Torta de Boda por <$60


This past week I was tasked with building a wedding cake for 12–15 revelers, with a budget of $60 and a time-limit of two days. The wedding was informal, intimate, and quick, and the cake was – more or less – the only concession to tradition. As such, there was some expectation of conservative design and smooth-white styling, orchid bouquets and a celebratory couple on the top tier. There was also an assumption that I, braggart chef that I am, would be able to turn in such a thing without a hitch. No worry, right?


In conversation with the bride (y my cuñado, pero solamente en español y con errores extraordinarios) , the decision was made for a red velvet interior. No filling, no fruit layer. Red velvet with a bit more cocoa than usual. Red velvet, the strange resurgent cake trend. Red velvet, essentially white cake with a hint of chocolate flavor and a generous jigger of New Jersey’s Best chemical food dyes # 2-41 staining the batter the color of ketchup. Ostensibly, this coloration is abetted by a chemical reaction between undutched cocoa, buttermilk and vinegar, that thrusts the redness to parched martian-surface luminance and creates a stiff dry-but-not-mealy crumb excellent for frosting. But I’ll be damned if I can tell the difference…

Though the bride initially wanted a rolled fondant for frosting, I nixed on grounds of taste. Rightfully, I think: fondant is nasty foul stuff with an alarming kinship to fetal drywall. And a propensity for inspiring weird metaphors. I briefly considered a draped marzipan covering, but the time-constraints and cost were prohibitive. My cuñado felt buttercream a poco mas sweet. Royal icing and ganache fared equally poorly, and whipped-cream was unseasonable in February. So we settled on red velvet’s frequent and inelegant partner-in-crime: cream cheese. We discussed the softness of cream cheese, and the potential for yellowing on prolonged exposure to air. We decided to mix a batch with high quantities of white chocolate and a pachyderm’s q-tip worth of paraffin for body. The results were tasty, and stiff enough, but had a tendency toward shrinkage.

All told, we spent $36.00 on ingredients, $12.00 on fresh flowers (mostly unsprayed baby’s-breath, and three small organic lilies) $8.00 for marzipan and food color, $2.00 on non-toxic metallic dusting powder and $1.96 for structural drinking straws and parchment.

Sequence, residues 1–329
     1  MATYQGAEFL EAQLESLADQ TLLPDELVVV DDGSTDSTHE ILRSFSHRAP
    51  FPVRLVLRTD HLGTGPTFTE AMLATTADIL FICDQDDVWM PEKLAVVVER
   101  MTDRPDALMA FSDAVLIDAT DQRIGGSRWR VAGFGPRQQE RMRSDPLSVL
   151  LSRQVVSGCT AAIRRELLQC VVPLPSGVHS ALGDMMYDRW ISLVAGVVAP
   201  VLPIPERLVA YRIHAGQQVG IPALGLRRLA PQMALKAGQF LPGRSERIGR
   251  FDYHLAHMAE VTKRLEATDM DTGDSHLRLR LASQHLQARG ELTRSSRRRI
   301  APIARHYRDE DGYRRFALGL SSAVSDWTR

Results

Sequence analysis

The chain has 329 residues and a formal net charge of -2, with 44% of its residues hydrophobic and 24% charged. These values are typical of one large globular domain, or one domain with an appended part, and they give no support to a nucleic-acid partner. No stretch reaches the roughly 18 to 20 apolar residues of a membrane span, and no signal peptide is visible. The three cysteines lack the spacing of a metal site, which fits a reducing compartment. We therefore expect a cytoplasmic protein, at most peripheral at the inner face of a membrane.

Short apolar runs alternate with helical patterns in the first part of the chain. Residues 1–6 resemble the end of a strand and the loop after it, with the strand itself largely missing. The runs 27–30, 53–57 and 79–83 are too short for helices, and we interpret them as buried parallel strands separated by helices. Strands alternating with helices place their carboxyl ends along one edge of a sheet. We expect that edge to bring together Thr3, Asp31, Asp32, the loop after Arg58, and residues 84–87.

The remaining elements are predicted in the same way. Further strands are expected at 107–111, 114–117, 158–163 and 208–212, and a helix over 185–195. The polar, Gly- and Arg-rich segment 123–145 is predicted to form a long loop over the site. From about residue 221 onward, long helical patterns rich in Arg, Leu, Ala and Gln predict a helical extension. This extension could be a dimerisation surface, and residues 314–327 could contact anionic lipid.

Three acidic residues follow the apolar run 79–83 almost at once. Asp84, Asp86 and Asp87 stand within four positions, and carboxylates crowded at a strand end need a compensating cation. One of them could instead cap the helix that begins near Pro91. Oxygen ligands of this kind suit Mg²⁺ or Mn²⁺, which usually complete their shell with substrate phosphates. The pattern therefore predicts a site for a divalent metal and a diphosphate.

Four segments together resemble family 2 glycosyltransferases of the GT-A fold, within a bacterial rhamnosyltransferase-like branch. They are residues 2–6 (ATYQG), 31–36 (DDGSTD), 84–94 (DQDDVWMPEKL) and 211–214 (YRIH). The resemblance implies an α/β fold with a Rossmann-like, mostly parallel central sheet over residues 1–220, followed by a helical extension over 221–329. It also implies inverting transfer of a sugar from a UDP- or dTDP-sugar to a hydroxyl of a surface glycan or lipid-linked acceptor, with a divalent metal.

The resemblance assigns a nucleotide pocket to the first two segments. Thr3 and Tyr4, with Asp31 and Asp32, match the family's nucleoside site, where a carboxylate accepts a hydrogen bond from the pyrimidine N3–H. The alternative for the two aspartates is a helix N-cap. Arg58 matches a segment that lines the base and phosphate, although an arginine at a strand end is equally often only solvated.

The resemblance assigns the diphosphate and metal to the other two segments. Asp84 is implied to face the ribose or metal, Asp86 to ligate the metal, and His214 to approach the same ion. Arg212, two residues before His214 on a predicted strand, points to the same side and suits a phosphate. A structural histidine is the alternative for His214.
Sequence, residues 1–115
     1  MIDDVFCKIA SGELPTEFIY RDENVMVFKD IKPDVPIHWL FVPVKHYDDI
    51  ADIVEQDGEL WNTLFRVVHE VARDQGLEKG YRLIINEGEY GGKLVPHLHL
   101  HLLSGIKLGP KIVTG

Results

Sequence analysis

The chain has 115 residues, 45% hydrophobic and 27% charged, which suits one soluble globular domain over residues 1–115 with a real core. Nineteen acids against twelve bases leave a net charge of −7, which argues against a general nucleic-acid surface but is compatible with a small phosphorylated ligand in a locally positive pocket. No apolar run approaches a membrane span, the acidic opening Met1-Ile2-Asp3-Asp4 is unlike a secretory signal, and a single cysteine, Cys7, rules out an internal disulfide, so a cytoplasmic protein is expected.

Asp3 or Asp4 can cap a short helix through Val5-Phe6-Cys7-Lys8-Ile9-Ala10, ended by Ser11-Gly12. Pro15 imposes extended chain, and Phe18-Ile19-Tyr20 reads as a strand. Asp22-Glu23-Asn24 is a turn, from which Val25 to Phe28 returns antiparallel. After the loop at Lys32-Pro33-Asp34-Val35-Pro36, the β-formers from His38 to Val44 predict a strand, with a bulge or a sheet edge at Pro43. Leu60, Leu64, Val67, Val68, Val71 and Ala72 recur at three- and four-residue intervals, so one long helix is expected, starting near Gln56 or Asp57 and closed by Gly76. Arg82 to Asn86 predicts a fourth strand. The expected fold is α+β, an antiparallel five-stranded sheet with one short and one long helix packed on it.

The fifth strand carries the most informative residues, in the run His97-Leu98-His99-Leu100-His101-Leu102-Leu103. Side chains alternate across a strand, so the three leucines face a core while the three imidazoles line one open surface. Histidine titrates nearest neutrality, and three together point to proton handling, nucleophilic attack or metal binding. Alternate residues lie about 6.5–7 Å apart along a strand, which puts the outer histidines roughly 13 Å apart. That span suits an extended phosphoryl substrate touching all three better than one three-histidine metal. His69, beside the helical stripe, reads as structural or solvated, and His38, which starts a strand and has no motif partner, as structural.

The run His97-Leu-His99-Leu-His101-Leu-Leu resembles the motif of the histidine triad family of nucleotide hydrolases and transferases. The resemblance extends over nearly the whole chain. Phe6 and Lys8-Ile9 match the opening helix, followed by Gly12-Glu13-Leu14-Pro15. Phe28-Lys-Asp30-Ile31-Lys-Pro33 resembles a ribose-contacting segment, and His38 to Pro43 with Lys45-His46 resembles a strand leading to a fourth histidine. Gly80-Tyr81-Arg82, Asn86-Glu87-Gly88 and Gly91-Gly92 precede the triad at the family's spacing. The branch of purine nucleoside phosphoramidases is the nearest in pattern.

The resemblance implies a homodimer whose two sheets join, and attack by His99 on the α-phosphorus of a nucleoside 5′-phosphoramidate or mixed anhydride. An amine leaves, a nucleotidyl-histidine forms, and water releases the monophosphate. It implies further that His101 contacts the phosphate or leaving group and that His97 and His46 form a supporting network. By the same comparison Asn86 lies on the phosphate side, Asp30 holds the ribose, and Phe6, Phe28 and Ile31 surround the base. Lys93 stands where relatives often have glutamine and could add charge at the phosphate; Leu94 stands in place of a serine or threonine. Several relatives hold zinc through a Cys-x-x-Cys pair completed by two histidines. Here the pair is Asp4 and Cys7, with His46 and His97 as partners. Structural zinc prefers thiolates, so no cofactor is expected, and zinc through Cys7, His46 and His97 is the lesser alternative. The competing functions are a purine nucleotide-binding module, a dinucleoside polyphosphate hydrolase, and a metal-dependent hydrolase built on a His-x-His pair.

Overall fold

I cooked the top cake-layers in bottomless rings (4.5″ and 6.5″) with parchment bottoms pastry-taped into place, and the 9″ base layer in a springform. The layers were topped to 1 inches in height, covered in a protective layer of frosting, and stored overnight. During the evening, the bride and cuñado helped roll marzipan flowers. We used a little of the red food dye from the cake’s interior, but were unable to get a satisfactorily light color. We settled on a garish Mattel-esque hue that actually ended up looking pretty nice on the cake

Immediately prior to the nuptial noon, the layers were assembled and frosted with a second smooth coat. Flowers real and almond-pasted were added, and the whole thing-a-ma-jig was moved far back on the counter, out of reach of the investigative canine army swarming about the wedding site. A few fingers bumped at prodded at the top layer, and the chocolate and paraffin set in such a way as to preserve their memory. C’est la vie. This is the result

Bad: frosting more stippled and uneven than desired. Due partly to fact that cake stand was a lazy suzan atop two old copies of Canterbury Tales. Shrinkage of frosting.

Good: ease, price, “rustic” but not wholly cornball presentation, taste, does not stain faces.


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